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Rise Of The Blanket Social Media Invites

Social selling has encouraged the trend of created blanket personalized invites. The common tool is to create a jpg or video message, which is posted into the social seller’s feed, for an event upcoming. With the attitude of a VIP experience, except that it allows everyone who sees it, regardless of their buying capacity, to circumvent the velvet rope into the event. This does nothing for the prospect, and even less for those sending out those invites.

Blanket invites by themselves are not personalized. By definition. Yet, because of the ease, there are many of them going out into the ether. Especially in sports business, where the attitude seems to be to gain VIP prospects by showing off luxury suites through specialized events. But if these events are so specialized, why are sports sales staff targeting anybody and everyone in their social network? It feels like there needs to be a straight forward lesson in who is actually seeing your post, and how its likely not targeting specifically who you want.

Social Media Feeds Include Everybody, Not Your True Prospect Targets

Your social media feed is full of folks who may have VIP buying capacity. But it may also have a ton of administrative assistants, interns, young professionals and others who do not have that buying capacity as well. This is the trouble with the majority of social media networks, they provide a blanket statement to broadcast, only allowing you to specify your reach to targeted prospects when you buy advertising from them. LinkedIn hasn’t shown any tangible proof of its advertising measurements enough to be invested in, but Facebook has, which is why both tend to go away from allowing you to target prospects, even those you are connected to, without spending advertising dollars through their service.

This type of social selling gets worse when you are attempting to move a premium product. These are the high-end service categories which entail a specific clientele. If you advertise it for free, and its seen by those without the spending capacity to buy the product, it is likely going to be filled with the wrong prospects. And the worst type of sales environment is one filled with non-buyers or cheap buyers, who tend to help talk your buying prospects out of spending money. If there’s one thing that a cheap person does, its advocate for others around them to also be cheap, or belittle the product, as a way to protect themselves from being the sole prospect not investing.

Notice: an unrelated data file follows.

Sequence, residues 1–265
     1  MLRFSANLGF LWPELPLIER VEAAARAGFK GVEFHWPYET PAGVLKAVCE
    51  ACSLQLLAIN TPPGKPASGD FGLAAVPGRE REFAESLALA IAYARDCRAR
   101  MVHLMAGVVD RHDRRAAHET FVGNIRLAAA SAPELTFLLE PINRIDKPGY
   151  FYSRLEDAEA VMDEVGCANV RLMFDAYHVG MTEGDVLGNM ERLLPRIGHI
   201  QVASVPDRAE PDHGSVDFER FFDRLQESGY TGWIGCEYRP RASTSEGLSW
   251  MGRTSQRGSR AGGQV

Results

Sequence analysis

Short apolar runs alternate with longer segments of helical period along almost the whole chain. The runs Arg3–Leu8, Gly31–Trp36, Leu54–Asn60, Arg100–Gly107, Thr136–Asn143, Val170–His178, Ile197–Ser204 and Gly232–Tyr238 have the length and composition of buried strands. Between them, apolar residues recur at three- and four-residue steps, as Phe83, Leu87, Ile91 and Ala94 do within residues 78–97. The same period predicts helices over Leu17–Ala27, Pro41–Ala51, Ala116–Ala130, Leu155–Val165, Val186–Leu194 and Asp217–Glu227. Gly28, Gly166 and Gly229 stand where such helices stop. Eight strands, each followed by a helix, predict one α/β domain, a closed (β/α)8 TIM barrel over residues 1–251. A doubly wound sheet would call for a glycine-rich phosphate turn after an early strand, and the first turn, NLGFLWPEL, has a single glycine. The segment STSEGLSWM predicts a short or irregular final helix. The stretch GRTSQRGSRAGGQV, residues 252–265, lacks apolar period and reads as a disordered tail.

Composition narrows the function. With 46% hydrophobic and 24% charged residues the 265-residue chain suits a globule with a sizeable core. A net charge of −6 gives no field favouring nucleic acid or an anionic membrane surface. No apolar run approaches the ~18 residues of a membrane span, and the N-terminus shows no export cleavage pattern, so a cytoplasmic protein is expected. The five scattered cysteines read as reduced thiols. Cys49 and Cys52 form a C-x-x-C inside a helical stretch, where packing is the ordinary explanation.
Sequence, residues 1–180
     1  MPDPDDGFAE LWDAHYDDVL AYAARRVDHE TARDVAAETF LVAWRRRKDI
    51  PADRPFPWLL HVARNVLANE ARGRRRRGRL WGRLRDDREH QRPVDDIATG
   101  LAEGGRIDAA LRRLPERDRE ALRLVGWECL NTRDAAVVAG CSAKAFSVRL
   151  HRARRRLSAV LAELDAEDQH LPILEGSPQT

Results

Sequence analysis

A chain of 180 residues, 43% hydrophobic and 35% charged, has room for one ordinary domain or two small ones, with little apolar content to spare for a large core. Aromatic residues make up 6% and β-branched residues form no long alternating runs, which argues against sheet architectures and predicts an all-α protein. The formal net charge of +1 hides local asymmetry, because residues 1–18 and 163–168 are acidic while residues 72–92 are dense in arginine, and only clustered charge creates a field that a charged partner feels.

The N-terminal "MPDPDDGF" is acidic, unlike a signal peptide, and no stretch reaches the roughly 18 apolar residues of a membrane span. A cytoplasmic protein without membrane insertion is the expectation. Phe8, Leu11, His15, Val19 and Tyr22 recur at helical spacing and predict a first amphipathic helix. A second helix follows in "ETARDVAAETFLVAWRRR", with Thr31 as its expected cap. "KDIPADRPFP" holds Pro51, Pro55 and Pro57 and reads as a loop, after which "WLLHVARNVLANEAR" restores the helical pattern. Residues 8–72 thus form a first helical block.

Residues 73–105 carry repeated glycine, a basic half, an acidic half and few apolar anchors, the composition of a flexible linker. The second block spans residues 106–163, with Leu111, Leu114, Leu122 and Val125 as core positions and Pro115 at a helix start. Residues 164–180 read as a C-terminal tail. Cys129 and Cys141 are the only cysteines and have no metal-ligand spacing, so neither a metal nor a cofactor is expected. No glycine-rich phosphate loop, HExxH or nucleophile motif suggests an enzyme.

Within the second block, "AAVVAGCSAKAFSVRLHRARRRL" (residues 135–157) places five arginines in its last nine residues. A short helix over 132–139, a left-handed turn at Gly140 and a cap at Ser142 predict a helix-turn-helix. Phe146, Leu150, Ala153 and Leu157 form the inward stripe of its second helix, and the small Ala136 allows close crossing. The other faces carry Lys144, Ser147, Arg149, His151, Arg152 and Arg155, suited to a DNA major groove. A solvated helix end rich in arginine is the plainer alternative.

By putting a blanket invite into your social media feed, that’s who you are broadcasting your message to.

What’s So Personalized About A Blanket Invite?

Personalization means that you know who will be in the room. This should be coordinated through your CRM capabilities in order to ensure that you are getting the right prospects to witness the product. Furthermore, you should be actually initiating a personalization campaign directly to them. If you cannot spend the time, resources, to directly contact these prospects, then what good is making an invite personalized in the first place?

If you are targeting c-suite prospects, especially for premium inventory, you should know the administrative assistants. That means building up a direct communication with them. Sales has typically gotten the mantra that administrative assistants are “gate keepers” and allowed sales people to disregard their value. Administrative assistants are often the coordinators of a c-suite executive’s schedule, and getting on that schedule for your event requires their help. How you treat that administrative assistant, and how you interact with them, especially on a personal level, will denote whether your event will get, as well as stay, on that schedule.

Creating Desire To Attend

Deciding to create an event with only three weeks lead time suggests that its something created for your benefit, not the prospects. Think of these events like mini-weddings. You need to have enough lead time for people to put it on their schedule, have a reduction of conflicts, and the ability to give a firm commitment that they are going.

You also need a reason “why” they should attend. If its just to look at your premium product, well, that’s not enough. Everyone has premium product to sell. What about your premium product makes enough of a difference in order to have the c-suite executive hand over their VISA Black Card without thinking about it. If your event isn’t worth attending, you shouldn’t expect prospects to feel its worth buying either.

None of this occurs without deciding that your event is worth personalizing. You don’t get any of this in a generic, social selling feed. You have to work for it, know the prospects directly, and target them specifically with the event you are trying to get them to. The time you put into something is in direct correlation of what you’ll get out of it. Social media sometimes makes the event creation, invite process too easy, which leads to dour returns when expecting people to show up.

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